Friday Night Proof That Boston Red Sox-Tampa Bay Rays Feud Is In The Past
The first meeting between the two teams since the late May fireworks between the two clubs, in which tempers flared over the course of a week in which the teams, from Yunel Escobar challenging the whole Boston dugout to David Price throwing at David Ortiz to Price throwing at Mike Carp, which led to Ortiz going after Price to Brandon Workman (allegedly) throwing at Evan Longoria.
Multiple benches-clearing incidents. Multiple ejections. And one suspension to top it all off. Then a whole lot of running of mouths. Joe Maddon painting the Rays as the victim. Ortiz saying he lost respect for Price. Price coming back proclaiming he earned respect around the league for throwing at Ortiz, the ball he threw at the slugger being set to be enshrined in Cooperstown.
So many extra-carriculars yet so little to show for it Friday night — despite Price taking the hill — in the Rays 6-3 win over the Red Sox. Proof positive of how much things have changed.
In May, the Rays were playing bad baseball. They had fallen to the bottom of the American League. They were looking for a spark to ignite the team, to start a run.
Now they’ve been ignited. Tampa Bay is the hottest team in baseball. The Rays have won 26 of 37, closing within three games of .500 with Friday’s win. They’re four games out of a playoff spot, and just 7 1/2 games behind the Baltimore Orioles in the abysmal AL East. Not needing to participate in the gimmick play-in game to make the postseason is well within the realm of possibility for Maddon’s club.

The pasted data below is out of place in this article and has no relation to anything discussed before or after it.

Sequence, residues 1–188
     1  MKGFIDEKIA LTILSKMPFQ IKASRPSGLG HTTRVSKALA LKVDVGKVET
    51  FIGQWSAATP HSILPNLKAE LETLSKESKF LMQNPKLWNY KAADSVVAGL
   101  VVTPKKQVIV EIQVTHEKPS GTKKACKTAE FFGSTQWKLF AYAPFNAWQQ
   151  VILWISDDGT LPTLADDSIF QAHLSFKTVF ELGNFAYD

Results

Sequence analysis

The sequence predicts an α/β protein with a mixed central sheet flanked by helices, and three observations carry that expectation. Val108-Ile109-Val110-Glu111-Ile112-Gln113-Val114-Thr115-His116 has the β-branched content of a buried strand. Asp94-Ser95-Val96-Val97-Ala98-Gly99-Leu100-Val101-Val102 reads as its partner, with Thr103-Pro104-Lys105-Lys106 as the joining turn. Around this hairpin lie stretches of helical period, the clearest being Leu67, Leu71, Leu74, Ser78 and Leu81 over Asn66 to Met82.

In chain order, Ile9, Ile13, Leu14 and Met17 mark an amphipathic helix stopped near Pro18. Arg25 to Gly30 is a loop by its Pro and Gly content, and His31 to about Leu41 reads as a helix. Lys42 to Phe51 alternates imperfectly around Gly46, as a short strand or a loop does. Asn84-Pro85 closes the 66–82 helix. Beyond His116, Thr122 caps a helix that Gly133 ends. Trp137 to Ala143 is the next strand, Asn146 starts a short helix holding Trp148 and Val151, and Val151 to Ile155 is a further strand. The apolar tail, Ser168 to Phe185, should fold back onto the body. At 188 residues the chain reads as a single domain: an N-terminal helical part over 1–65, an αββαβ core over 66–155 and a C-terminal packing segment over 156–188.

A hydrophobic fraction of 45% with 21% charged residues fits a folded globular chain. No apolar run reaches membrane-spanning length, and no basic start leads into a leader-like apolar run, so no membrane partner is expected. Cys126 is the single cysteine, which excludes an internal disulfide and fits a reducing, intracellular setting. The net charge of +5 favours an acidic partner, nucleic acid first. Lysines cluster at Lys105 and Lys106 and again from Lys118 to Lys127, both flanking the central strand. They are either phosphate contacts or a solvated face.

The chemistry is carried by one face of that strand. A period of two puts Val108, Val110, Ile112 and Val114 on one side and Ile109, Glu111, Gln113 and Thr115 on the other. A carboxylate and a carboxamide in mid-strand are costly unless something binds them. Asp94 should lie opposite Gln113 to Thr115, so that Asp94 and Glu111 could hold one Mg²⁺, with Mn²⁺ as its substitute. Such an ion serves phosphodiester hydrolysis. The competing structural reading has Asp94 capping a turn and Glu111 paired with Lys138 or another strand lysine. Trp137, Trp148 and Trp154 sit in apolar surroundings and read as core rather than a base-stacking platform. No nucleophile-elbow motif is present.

Their sights are set on the pennant race, not getting back at the last place Red Sox. There’s no need to lose Price for six games, and break the momentum he’s built (7-3, 1.88 ERA in his last 11 starts) by being suspended.
Likewise, the Red Sox have bigger fish to fry themselves. Teetering on the jagged edge of the pennant race (their chances are small, but you have to keep the door slightly ajar given how bad the AL is), the Sox can’t afford to toss away a game, or have guys get a mini-vacation via suspension.
Another dynamic is that the trade deadline is less than one week away. A suspension can only hurt a player’s trade value. One can only think that some veterans in the clubhouse — who would love to play for a team with better playoff aspirations — have that thought in the back of their mind. It doesn’t appear anybody is playing the Trot Nixon let’s-see-how-I-can-kill-my-trade-value game.
Time heals all wounds, fades all grudges. On the 26.2-mile course that is the MLB season, two months is more than enough time for circumstances to make a 180-degree turn. The once-belly-up Rays are a different baseball team, playing for different things. The Red Sox have items above tussling with their division rivals on the agenda.
Those who expected it were in for a disappointment. And those still waiting for it are going to be waiting for a while, because the latest Red Sox-Rays feud is history.
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